Monday, March 07, 2005

Hans Bethe

Yesterday marked the passing of Hans Bethe, the last of the great physicists from the Manhattan Project. I had the privilege of seeing Bethe speak twice when I was a graduate student at MIT in the late 1980's. Bethe was in his early eighties at the time and was still sharp as a tack. One talk was on neutrino oscillations and the other was on disarmament policy. Both talks were well thought out and exhibited the clear thinking that marked Bethe's career.

The amazing thing about Bethe was that he remained relevant for much of the twentieth century. Bethe was held in the highest regard by both his peers and the political establishment throughout his life. He was Sommerfeld's graduate student. His Nobel Prize work on energy production in stars was done in 1938. He played an important role in the development of QED and was Richard Feynman's mentor. He was instrumental in pushing for arms limitation treaties and derailing the Star Wars space-based anti-missile defense during the Reagan administration. He and John Bahcall wrote a landmark paper outlining how the solar neutrino problem was finally solved in 1990. He was a true giant among giants.


Anonymous said...

Hans Bethe, Father of Nuclear Astrophysics, Dies at 98

Hans Bethe, who discovered the violent force behind sunlight, helped devise the atom bomb and eventually cried out against the military excesses of the cold war, died late Sunday. He was 98, among the last of the giants who inaugurated the nuclear age.

His death was announced by Cornell University, where he worked and taught for 70 years. A spokesman said he died quietly at home.

Except for the war years at Los Alamos, N.M., Dr. Bethe lived in Ithaca, N.Y., an unpretentious man of uncommon gifts. His students called him Hans and admired his muddy shoes as much as his explaining how certain kinds of stars shine. For number crunching, in lieu of calculators, he relied on a slide rule, its case battered. "For the things I do," he remarked a few years ago, "it's accurate enough."

For nearly eight decades, Dr. Bethe (pronounced BAY-tah) pioneered some of the most esoteric realms of physics and astrophysics, politics and armaments, long advising the federal government and in time emerging as the science community's liberal conscience.

During the war, he led the theoreticians who devised the atom bomb and for decades afterwards fought against many new arms proposals. His wife, Rose, often discussed moral questions with him and, by all accounts, helped him decide what was right and wrong.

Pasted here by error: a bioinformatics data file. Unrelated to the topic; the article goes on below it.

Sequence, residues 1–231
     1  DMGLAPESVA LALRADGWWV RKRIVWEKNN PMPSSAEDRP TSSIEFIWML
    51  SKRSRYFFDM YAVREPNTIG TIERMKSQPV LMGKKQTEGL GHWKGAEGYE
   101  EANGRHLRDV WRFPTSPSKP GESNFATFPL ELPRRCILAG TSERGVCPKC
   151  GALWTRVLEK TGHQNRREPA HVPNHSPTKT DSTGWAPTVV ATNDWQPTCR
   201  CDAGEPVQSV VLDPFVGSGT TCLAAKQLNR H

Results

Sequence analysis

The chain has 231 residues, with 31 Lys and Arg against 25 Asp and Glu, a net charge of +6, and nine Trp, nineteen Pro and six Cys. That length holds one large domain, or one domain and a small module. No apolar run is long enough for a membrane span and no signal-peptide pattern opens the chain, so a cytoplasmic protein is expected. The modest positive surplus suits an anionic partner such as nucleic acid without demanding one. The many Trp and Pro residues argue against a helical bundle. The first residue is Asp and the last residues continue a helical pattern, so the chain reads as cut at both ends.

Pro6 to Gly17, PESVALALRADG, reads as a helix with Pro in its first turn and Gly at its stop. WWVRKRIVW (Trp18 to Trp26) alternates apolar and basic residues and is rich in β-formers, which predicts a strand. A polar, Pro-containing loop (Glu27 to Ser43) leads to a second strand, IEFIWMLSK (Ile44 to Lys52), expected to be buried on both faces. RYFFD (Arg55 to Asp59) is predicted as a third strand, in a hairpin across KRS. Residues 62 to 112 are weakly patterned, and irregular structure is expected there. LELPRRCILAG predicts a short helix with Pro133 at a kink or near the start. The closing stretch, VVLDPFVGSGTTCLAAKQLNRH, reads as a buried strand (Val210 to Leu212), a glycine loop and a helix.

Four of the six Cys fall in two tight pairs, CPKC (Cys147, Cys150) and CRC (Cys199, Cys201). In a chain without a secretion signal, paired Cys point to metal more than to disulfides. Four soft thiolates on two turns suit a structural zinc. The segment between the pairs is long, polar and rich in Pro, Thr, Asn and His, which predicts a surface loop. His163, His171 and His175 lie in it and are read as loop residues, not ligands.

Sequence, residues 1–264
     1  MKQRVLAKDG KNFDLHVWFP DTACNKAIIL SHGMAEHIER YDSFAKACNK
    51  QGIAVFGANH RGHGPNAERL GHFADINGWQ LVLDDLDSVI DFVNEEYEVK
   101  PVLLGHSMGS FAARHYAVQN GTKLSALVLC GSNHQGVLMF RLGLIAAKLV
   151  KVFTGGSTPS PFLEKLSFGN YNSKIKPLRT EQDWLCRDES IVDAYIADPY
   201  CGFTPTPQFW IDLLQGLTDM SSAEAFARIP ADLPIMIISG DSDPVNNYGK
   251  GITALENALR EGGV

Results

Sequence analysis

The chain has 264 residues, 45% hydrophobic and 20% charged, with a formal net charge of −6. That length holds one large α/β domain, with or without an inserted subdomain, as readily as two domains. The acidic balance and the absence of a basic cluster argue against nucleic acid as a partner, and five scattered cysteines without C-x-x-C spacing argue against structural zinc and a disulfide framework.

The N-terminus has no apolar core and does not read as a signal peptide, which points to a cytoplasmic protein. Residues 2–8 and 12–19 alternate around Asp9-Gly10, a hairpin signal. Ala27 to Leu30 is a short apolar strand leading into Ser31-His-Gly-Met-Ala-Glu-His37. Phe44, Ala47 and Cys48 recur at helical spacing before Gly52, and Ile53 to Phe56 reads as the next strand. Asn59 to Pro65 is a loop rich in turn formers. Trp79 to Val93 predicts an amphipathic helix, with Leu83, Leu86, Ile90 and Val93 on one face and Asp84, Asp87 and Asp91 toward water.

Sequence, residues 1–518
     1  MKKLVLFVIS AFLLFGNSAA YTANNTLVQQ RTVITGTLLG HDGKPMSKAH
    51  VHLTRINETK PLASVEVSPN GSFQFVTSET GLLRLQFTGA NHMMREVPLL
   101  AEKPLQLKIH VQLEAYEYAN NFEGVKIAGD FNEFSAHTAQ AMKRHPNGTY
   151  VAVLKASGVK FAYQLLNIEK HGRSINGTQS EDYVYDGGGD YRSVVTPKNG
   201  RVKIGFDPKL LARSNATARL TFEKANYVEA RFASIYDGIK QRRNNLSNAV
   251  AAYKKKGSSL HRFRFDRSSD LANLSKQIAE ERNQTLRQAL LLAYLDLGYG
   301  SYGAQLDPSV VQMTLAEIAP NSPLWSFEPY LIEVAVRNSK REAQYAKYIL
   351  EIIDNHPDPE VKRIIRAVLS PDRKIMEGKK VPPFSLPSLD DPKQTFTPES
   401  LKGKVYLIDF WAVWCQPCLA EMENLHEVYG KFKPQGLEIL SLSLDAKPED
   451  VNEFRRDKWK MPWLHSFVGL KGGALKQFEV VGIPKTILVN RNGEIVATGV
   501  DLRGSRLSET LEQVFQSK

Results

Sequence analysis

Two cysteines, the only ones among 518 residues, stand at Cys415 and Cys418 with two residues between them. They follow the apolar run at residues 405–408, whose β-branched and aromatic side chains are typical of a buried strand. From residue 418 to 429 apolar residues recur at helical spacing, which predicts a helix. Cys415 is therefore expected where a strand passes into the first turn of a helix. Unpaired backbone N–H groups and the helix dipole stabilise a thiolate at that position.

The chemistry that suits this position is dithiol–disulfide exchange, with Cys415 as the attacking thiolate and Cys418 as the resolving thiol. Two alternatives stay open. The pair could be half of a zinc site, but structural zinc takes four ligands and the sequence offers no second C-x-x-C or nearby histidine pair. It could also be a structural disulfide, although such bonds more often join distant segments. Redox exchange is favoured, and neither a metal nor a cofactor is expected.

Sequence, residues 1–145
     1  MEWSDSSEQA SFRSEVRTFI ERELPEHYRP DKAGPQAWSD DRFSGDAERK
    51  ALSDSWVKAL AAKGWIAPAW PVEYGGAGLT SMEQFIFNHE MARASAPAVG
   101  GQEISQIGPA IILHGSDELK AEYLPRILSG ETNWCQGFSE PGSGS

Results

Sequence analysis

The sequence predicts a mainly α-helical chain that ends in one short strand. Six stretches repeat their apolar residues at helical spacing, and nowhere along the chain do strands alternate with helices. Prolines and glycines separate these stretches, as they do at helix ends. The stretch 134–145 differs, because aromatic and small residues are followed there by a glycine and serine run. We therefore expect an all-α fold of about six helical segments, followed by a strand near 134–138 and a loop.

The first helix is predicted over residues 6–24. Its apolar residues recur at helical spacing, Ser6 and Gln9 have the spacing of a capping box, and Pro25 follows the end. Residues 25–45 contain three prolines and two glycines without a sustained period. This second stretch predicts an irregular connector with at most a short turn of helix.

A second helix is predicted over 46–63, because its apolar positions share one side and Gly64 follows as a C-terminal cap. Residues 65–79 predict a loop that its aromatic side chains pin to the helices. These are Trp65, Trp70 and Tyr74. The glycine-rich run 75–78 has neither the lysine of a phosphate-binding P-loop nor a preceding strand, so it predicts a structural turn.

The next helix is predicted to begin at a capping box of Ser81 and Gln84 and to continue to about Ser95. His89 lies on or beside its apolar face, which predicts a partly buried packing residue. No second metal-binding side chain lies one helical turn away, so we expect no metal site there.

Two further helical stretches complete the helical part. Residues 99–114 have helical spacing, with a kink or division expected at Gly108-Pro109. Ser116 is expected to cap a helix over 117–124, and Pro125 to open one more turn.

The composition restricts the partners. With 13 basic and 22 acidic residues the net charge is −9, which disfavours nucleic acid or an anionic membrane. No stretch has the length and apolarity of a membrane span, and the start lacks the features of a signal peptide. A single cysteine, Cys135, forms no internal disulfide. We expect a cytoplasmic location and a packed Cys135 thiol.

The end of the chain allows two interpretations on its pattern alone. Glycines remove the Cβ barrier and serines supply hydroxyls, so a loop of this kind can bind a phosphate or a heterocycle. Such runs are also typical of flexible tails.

Dr. Bethe fled Europe for the United States in the 1930's and quickly became a star of science. As a physicist, he made discoveries in the world of tiny particles described by quantum mechanics and the whorls of time and space envisioned by relativity theory. He did so into his mid-90's, astonishing colleagues with his continuing vigor and insight.

In a 1938 paper, Dr. Bethe explained how stars like the Sun fuse hydrogen into helium, releasing energy and ultimately light. That work helped establish his reputation as the father of nuclear astrophysics, and nearly 30 years later, in 1967, earned him the Nobel Prize in physics. In all, he published more than 300 scientific and technical papers, many of them originally classified secret.

Politically, Dr. Bethe was the liberal counterpoint (and proud of it) to Edward Teller, the physicist and conservative who played a dominant role in developing the hydrogen bomb. That weapon brought to earth a more furious kind of solar fusion, and Dr. Bethe opposed its development as immoral.

For more than half a century, he championed many forms of arms control and nuclear disarmament, becoming a hero of the liberal intelligentsia. His wife called him a dove, Dr. Bethe once told an interviewer, adding his own qualifier: "A tough dove." His gentle manner hid an iron will and mind that had few hesitations about identifying what he saw as error, hypocrisy or danger. "His sense of duty toward society is so deeply ingrained that he isn't even aware of its being a sacrifice," a close colleague, Dr. Victor F. Weisskopf, once remarked....


Anonymous said...

A wonder :)